Why Goldman Sachs sees ‘buying opportunity’ in recent oil sales

Oil futures were on track to post a loss of more than 7% this week, the highest number since October, but analysts at Goldman Sachs have suggested prices are only resting from a major rally. the raw that is to follow.

The recent pullback in oil prices is only a “stagnant stop in a relatively large oil price rally and a strong buying opportunity,” Goldman Sachs analysts wrote in a note dated. Thursday.

The recent pullback in oil prices is simply “a stagnant stop in the gathering of such huge oil prices and a strong buying opportunity.”

– Goldman Sachs

For the week, month-on-month contract prices for U.S. West Texas Intermediate crude CLJ21 benchmark,
+ 2.37%

+ 2.37%
they traded 7.4% lower, and Brent crude BRNK21,
+ 0.02%

+ 0.02%,
the criterion was global, down 7.6%. Prices for the pair were looking at their biggest weekly percentage loss since the week ended Oct. 30, according to Dow Jones Market Data.

Renewed locks in Europe and safety concerns over AstraZeneca COVID-19 vaccine have raised concerns about slowing down energy demand, dragging WTI and Brent oil prices on Thursday to their lowest settlements in excess. two weeks.

Read: Finland bans use of AstraZeneca shots despite EU regulator support this week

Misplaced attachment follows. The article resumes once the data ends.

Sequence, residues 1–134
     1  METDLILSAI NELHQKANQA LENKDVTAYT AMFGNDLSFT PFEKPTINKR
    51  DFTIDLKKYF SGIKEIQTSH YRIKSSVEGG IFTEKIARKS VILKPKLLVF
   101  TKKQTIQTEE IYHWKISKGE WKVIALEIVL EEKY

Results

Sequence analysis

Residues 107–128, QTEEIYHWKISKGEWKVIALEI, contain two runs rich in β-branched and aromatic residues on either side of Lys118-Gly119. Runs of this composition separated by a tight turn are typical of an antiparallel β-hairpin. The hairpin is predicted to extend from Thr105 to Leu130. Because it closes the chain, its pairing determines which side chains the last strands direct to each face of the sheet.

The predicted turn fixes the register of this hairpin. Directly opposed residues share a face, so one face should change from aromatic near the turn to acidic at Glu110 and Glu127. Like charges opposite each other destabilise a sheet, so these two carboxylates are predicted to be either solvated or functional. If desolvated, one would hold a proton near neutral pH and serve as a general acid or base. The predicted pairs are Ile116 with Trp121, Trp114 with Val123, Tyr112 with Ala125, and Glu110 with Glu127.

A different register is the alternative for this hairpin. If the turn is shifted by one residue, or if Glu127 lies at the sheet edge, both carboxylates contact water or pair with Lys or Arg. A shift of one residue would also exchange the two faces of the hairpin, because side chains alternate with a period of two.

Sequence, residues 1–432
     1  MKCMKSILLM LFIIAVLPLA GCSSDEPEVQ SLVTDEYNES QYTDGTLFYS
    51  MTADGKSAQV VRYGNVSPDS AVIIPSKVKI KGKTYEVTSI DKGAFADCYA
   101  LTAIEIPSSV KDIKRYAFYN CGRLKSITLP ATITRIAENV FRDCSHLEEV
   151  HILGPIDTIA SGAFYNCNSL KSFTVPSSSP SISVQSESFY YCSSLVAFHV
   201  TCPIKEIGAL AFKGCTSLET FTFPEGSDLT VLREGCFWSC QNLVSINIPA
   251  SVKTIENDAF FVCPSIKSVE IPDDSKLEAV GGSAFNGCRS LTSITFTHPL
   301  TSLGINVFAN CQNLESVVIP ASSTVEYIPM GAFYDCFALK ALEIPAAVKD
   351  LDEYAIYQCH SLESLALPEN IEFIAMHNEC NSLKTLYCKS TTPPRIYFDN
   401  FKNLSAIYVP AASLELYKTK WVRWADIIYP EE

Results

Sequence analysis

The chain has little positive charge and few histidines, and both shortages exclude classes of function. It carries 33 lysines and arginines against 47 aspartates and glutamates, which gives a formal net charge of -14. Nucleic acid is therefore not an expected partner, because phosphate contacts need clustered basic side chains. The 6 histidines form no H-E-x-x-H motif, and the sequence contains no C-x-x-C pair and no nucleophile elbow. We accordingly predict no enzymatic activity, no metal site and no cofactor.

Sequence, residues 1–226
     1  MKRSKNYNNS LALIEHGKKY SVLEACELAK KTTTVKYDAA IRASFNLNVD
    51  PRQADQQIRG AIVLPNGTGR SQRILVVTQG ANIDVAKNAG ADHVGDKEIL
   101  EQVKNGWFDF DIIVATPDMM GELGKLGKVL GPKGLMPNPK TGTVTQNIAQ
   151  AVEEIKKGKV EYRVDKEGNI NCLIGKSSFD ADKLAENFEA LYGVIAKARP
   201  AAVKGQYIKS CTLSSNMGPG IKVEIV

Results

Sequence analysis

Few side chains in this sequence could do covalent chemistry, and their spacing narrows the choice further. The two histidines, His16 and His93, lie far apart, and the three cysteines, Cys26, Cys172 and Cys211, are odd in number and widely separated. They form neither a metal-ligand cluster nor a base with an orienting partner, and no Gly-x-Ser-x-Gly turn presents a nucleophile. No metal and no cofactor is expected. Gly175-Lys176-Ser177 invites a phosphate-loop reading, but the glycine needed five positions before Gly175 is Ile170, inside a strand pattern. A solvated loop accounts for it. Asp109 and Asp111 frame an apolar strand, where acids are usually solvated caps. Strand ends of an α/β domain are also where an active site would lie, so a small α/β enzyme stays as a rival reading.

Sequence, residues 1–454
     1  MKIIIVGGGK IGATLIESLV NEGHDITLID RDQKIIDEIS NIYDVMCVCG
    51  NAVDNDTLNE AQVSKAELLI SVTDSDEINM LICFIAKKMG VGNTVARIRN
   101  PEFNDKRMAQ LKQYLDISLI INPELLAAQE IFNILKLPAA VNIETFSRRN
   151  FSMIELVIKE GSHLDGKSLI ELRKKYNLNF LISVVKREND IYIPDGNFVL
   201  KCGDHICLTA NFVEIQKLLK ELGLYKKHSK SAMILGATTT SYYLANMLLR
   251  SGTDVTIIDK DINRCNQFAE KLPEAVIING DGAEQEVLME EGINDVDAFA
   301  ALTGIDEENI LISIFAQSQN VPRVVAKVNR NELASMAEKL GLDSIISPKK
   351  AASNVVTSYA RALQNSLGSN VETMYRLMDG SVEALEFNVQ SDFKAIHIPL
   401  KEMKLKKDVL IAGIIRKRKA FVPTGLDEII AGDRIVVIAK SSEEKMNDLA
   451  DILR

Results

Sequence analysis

In a note dated Thursday, Goldman Sachs analysts said the move for oil prices reflects, in part, “concerns about [European Union] vaccines and COVID issues as well as the soft body oil market, ”exacerbated by the strength of the U.S. dollar and the recently added lack of estimated length.

Despite the huge losses, Goldman Sachs still forecasts a “rapid oil market rebalancing in the coming months.”

The oil market has remained in a sharp deficit of 2.5 million barrels per day since February, even as Iranian exports have climbed by about 700,000 barrels per day so far, analysts said.

While EU demand and Iran’s supply heads would delay second-quarter market rebalancing by 750,000 barrels per day, analysts expect the production cuts by the Organization of Petroleum Exporting Countries and their allies , together with the so-called OPEC +, “oppose those given signs of higher shale activity” and “OPEC +“ seeking a tight oil market. ”

Goldman Sachs analysts said they now forecast OPEC + to increase production by 2.8 million barrels per day by August, setting a “relatively downward risk” for prices.

However, they see “significantly higher prices” ahead, with their Brent forecast rising from $ 65 in March to $ 80 in the summer, as “demand signals” in high-vaccinated areas. comforting those “above their consensus expectations.”